Matson doubted Branstad or Reynolds understood the fallout local cities are having from their decisions.
“Are we bankrupting Iowa?” he asked. “It sure looks like we’re hurting Iowans … I understand incentives. We do that at the local level. In Davenport, we do no more than a 60% TIF, tied to new jobs at a decent wage – not you move from here to here. New jobs. If we’re going to incentivize you to come, we still want some money in property taxes, we still want new jobs.”
Most damaging, however, is when the governor upends a process that is already working, like collective bargaining or the state’s Medicaid system.
“We’ll throw a grenade in the room and blow up the whole process that’s worked for a long time,” he said of the public workers’ rights changes.
And on the issue of mental health services, Matson has actually seen success at the local level. A private, for-profit mental healthcare company was thinking of opening shop in Davenport. Matson was skeptical, but Davenport did have a serious problem – they were sending children with mental health issues to other cities.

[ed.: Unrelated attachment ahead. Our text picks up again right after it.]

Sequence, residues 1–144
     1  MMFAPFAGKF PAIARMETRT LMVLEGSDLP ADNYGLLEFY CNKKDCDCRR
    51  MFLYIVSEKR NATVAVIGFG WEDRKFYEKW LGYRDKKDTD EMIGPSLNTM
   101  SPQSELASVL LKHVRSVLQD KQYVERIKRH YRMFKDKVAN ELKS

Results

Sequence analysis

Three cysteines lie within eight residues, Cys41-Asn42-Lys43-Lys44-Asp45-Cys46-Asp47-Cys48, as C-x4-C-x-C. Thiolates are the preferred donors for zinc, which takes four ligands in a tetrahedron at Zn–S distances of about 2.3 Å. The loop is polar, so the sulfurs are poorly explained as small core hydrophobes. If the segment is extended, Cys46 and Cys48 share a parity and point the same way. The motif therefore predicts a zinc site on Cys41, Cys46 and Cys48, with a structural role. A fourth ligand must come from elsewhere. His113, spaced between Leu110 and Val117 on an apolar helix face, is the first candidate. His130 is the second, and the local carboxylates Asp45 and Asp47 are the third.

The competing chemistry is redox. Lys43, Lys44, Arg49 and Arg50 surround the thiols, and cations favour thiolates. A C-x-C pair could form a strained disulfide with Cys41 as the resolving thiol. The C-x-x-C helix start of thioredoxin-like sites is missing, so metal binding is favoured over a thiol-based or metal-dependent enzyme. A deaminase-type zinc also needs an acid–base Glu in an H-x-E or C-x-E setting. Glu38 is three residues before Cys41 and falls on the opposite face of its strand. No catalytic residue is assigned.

So he went to Genesis Health System, the regional healthcare operator that runs several public hospitals, and encouraged them to step up and expand their mental health services. They ended up creating a behavioral health unit at one of the hospitals and added 60 mental health beds for children and adults. Now other cities send their kids to Davenport for treatment.
“There’s a precedent in Davenport that I was directly involved in,” Matson said. “I articulated to the city council that we need to support Genesis, and now we have it. I think we can take that and use it in the state if I were governor.”
A Unique, Inclusive Appeal For Democrats
Though he’s only been through one competitive election, were Matson to emerge from the crowded field of Democrats in the gubernatorial primary, he’d become the defacto leader of the party. So what might his campaign look like?
“For Democrats, we need to do a better job of reaching out,” Matson claimed. “We call ourselves the party of inclusion, which I fully believe. But are we? Are we including farmers? Are we including the rural folks? I don’t know if we’ve done a good job of that.”
He believes his military background might help some voters reconsider the Democratic Party. Or at least get them to the point of listening to his pitch, which he’s practiced on his friends for years.